Crossing the atlantic

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  • The following pages have been written at the request of many old friends, some of them co-workers in the cause of permanent British rule over the larger part of the Great Northern Continent of America. In 1851 I visited Canada and the United States as a mere tourist, in search of health. In 1861 I went there on an anxious mission of business; and for some years afterwards I frequently crossed the Atlantic, not only during the great Civil War between the North and South, but, also, subsequent to its close. In 1875 I had to undertake another mission of responsibility to the United States....

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  • Of all that has been written, or is to be written, by Americans concerning the tragedy overwhelming the Old World, much must naturally be descriptive of conditions in France, since that country is, among those affected by military occupation, most accessible and most closely in sympathy with American ideals and American history.

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  • The laws of continental Europe and those of the USA are substantially distinct. The general difference between common law, as practiced in the US, and civil law, as practiced in continental Europe, is widely accepted, even if it is not always fully understood. American court rulings, for instance, can be extreme in the eyes of Europeans, who are not familiar with concepts such as punitive damages.

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  • When the American colonies declared their independence in 1776, it took 48 days for the news to cross the Atlantic. The arrival of the telegraph in 1843 and the telephone in 1876 meant that news could get to anywhere in the world almost instantly. The beginning of radio communication in 1896 meant tha sounds could travel vast distances without the need for cables. When television arrived in 1936, moving pictures and sounds had the capability to be seen by millions at the same time anywhere in the world....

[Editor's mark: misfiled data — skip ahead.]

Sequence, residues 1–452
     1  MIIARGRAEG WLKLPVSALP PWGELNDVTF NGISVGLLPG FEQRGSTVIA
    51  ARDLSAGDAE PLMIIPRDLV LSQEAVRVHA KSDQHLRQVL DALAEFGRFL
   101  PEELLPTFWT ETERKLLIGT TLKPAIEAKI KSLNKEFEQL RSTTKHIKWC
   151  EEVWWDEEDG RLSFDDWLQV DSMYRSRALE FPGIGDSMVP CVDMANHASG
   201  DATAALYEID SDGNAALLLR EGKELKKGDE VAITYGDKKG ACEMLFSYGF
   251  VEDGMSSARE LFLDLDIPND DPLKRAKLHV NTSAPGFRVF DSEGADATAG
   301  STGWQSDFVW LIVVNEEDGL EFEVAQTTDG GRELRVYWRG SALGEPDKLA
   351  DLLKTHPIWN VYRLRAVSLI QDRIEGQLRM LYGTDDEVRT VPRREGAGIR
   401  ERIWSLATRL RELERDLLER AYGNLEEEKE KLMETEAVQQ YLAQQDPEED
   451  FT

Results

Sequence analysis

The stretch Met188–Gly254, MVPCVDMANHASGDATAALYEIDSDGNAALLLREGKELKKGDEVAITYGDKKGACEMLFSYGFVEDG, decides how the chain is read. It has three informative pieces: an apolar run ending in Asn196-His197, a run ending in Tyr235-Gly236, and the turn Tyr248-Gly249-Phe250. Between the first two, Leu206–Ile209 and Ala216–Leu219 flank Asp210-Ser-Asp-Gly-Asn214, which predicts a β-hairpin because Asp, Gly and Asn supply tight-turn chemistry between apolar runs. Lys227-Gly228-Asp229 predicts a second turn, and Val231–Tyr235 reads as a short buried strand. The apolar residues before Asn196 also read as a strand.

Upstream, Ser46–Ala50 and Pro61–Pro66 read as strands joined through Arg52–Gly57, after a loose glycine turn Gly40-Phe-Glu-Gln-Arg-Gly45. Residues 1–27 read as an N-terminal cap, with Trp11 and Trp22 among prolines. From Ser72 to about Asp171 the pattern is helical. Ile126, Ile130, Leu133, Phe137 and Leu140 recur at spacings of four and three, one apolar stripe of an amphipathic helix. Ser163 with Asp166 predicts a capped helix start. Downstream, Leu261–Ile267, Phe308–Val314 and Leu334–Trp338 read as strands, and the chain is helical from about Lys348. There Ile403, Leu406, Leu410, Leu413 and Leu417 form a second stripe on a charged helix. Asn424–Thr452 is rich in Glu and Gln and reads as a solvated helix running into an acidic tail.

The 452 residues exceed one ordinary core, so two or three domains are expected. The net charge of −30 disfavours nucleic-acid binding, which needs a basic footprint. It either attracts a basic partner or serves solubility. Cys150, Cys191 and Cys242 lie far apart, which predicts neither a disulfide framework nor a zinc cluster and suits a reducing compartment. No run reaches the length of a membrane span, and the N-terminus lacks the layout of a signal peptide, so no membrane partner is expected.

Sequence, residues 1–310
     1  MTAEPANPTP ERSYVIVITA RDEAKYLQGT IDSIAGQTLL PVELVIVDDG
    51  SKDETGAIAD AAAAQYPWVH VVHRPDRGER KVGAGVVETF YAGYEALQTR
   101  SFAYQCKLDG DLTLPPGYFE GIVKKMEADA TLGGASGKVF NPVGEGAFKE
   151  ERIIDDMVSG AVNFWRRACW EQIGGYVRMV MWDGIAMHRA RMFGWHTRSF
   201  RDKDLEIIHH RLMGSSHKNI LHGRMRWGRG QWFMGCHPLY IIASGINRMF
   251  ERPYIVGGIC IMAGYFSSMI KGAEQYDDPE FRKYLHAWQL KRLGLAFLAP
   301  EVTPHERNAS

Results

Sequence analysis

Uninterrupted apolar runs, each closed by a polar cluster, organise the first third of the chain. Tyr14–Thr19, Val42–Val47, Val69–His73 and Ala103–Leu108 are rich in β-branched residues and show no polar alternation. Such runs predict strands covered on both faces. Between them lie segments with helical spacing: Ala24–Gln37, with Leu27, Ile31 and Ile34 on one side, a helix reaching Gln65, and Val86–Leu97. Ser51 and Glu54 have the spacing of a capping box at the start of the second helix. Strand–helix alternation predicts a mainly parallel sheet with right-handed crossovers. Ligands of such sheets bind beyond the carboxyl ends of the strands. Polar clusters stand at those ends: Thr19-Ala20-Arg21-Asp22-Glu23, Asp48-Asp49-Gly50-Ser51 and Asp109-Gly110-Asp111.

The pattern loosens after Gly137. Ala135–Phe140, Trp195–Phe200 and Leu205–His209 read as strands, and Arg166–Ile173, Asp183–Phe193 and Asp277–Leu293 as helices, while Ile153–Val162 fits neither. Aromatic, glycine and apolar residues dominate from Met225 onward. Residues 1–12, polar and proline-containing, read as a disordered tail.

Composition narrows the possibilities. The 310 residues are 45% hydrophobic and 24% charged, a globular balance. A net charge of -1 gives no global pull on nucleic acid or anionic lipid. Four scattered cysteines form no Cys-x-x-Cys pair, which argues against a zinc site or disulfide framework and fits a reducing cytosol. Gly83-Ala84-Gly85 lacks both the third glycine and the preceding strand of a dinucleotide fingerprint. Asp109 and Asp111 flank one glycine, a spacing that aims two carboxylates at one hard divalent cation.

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  • The Britannia, 125 feet long. Number of persons on board: 27 engaged on the vessel, including the Captain, two mates, two cooks, two stewards and a carpenter, with nine passengers, making, with 152 steerage passengers, a total of 188. The Captain, Wm. Sketchley, an experienced seaman having crossed the Atlantic 132 times—very attentive to the wants of the steerage. List of passengers: Mr. Bassnett from Preston, has been a good deal in Canada, also in the West Indies and Holy Land. Mr. Hamilton, a clergyman of the Irish Epis., decrepit easy Christian. Mr.

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  • We compare the predicted values with actual correlations for the sample firms and investigate the cross-sectional relation between them to assess the extent to which the simple model described in the previous section fits the data. First, we report the average values of the predicted serial-and cross-correlations among earnings changes, operating cash flow changes and accrual changes.

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  • The dependent variable leverage is one minus the ratio of equity over assets in market values. It therefore includes both debt and non-debt liabilities such as deposits. The argument for using leverage rather than debt as the dependent variable is that leverage, unlike debt, is well defined (see Welch, 2007). Leverage is a structure that increases the sensitivity of equity to the underlying performance of the (financial) firm.

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